“Jeanne is the only difficulty,” the Princess said. “It would suit me better, for upon my word I don’t know where I could get credit for her trousseau.”
“It isn’t any use waiting,” Forrest said. “I have watched them together, and I am sure of it. De Brensault isn’t one of those fellows who improve upon acquaintance. Look, there they are. Nothing very lover-like about that, is there?”
De Brensault and Jeanne were crossing the room together. Only the very tips of her fingers rested upon his coat-sleeve, and there was a marked aloofness about her walk and the carriage of her head. He was saying something to her to which she seemed to be paying the scantiest of attention. Her head was thrown back, and in her eyes was a great weariness. Suddenly, just as they reached the entrance, they saw her whole expression change. A wave of colour flooded her cheeks. Her eyes were suddenly filled with life. They saw her lips part. Her hands were outstretched to greet the man who, crossing the room, had stopped at her summons. Both the Princess and Forrest frowned when they saw who it was. It was Andrew de la Borne.
“That infernal fisherman!” Forrest muttered. “I saw in the paper that he had returned this afternoon from The Hague.”
The Princess made an involuntary movement forward, but Forrest checked her.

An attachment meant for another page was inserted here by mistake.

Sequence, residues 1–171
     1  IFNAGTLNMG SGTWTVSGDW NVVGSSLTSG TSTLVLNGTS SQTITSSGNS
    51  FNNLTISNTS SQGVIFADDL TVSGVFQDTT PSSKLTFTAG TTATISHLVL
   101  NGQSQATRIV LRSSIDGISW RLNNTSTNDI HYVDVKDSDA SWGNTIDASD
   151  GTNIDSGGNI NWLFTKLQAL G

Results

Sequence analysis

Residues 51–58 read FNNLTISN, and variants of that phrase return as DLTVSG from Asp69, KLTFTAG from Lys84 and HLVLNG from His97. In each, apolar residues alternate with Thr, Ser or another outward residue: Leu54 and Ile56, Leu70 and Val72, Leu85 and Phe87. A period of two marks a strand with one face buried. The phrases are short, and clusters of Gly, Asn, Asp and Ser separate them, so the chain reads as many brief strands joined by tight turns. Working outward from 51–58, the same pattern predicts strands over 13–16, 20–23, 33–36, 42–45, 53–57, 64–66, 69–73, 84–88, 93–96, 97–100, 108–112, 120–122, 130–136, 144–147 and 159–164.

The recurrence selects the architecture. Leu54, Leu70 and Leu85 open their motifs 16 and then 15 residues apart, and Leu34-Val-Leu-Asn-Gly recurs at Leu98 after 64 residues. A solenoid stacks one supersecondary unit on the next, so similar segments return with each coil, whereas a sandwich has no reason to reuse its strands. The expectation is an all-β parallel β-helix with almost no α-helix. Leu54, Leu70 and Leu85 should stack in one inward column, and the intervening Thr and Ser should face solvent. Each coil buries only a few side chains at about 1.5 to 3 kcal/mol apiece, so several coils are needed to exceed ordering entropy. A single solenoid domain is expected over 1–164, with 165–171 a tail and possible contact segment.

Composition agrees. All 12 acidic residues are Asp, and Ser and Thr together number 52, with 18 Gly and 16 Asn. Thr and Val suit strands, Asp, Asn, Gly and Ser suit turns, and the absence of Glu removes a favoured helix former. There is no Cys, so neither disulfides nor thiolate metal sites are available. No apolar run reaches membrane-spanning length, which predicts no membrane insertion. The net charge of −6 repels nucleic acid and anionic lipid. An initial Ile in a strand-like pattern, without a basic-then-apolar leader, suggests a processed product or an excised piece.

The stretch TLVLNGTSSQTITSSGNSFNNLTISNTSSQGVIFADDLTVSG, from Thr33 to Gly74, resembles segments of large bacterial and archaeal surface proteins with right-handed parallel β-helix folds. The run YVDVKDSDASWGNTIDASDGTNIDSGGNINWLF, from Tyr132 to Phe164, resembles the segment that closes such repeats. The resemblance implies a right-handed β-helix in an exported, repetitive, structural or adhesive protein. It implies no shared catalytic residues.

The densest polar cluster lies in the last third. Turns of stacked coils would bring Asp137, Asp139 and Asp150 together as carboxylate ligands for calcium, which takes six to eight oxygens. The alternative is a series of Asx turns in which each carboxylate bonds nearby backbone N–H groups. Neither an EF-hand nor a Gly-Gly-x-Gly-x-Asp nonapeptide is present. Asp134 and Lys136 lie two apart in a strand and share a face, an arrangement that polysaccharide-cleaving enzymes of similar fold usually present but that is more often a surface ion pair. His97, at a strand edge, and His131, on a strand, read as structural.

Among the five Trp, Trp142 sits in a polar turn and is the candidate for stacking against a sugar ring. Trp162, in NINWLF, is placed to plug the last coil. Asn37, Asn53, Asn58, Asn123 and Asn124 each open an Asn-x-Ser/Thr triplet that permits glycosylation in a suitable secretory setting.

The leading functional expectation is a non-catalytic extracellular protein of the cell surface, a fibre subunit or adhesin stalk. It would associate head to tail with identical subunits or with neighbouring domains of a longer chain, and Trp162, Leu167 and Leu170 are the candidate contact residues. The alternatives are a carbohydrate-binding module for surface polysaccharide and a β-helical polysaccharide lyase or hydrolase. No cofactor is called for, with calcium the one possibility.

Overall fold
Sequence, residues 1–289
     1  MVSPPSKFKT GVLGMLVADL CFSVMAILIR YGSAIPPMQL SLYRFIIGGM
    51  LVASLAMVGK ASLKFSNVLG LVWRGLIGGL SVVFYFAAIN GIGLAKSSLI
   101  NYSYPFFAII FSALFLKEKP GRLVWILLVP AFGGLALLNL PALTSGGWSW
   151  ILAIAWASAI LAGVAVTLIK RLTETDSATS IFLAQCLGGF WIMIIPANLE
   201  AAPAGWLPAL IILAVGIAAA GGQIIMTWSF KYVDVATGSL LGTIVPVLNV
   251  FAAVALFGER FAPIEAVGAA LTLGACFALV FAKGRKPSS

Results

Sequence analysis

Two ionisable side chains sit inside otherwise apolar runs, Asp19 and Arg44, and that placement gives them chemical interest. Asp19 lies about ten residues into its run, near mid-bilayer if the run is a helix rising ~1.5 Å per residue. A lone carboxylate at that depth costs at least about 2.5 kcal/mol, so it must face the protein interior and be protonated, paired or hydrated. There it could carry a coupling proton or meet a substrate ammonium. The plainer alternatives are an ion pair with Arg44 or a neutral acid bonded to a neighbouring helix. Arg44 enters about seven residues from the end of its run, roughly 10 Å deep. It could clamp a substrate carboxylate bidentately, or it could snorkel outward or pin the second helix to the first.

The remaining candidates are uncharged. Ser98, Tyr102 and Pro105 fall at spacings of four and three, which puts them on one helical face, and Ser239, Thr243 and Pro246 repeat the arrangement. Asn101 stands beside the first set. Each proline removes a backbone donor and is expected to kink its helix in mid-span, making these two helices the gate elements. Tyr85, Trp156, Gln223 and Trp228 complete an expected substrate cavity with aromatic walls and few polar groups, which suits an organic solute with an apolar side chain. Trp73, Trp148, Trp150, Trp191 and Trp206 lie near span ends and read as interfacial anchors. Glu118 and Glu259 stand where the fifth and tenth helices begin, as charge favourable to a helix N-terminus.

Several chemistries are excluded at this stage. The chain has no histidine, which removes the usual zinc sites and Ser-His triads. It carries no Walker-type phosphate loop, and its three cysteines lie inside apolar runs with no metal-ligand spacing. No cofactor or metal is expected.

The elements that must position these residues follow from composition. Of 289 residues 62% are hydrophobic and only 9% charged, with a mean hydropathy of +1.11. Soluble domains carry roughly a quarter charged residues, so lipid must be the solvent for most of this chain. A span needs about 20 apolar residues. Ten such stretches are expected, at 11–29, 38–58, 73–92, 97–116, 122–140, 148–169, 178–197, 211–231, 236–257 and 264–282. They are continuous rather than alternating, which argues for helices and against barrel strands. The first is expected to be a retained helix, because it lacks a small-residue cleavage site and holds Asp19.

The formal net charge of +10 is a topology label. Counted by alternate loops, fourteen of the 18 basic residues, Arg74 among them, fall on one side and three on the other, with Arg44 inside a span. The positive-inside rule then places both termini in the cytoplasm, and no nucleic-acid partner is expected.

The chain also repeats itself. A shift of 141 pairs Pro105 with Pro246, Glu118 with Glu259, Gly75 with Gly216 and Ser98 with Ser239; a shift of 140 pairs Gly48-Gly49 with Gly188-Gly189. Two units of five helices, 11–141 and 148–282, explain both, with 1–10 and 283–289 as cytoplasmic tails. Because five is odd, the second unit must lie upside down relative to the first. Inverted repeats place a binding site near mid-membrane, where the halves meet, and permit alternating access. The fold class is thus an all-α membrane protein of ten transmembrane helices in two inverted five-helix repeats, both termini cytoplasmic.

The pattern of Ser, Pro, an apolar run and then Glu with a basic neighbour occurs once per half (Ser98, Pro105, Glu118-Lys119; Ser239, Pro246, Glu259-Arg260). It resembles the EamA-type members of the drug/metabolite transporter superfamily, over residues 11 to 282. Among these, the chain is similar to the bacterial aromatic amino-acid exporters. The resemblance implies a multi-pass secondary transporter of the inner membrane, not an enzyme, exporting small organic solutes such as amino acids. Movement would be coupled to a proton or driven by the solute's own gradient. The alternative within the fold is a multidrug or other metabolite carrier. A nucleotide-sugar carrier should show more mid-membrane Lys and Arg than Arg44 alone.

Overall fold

“You can do no good,” he said. “Wait and see what happens.”
What did happen was very simple, and for the Count de Brensault a little humiliating. Jeanne passed her arm through the newcomer’s and with the curtest of nods to her late companion, disappeared through an open doorway. The Belgian stood looking after them, twirling his moustache with shaking fingers. His face was paler even than usual, and he was shaking with anger.
“Leave him alone for a few minutes,” Forrest said to the Princess. “You will do no good at all by speaking to him just now. Ena, it is absolutely necessary that you make Jeanne understand the state of affairs.”
“I think,” the Princess said thoughtfully, “that it will be best to take her away from London. Lately I have noticed a development in Jeanne which I do not altogether understand. She has begun to think for herself most unpleasantly. She plays at being a child with De Brensault, but that is simply because it is the easiest way to repulse him.”
Meanwhile Jeanne, whose face was transfigured, and whose whole manner was changed, was sitting with her companion in the quietest corner they could find.
“It is delightful to see you again,” she said frankly. “I do not think that any one ever felt so lonely as I do.”
“I can assure you that I find it delightful to be back again,” he said, “although I have enjoyed my work very much. By the by, who introduced you to the man whom you were with when I found you?”
“My stepmother,” she answered. “He is the man, by the by, whom I am told I am to marry.”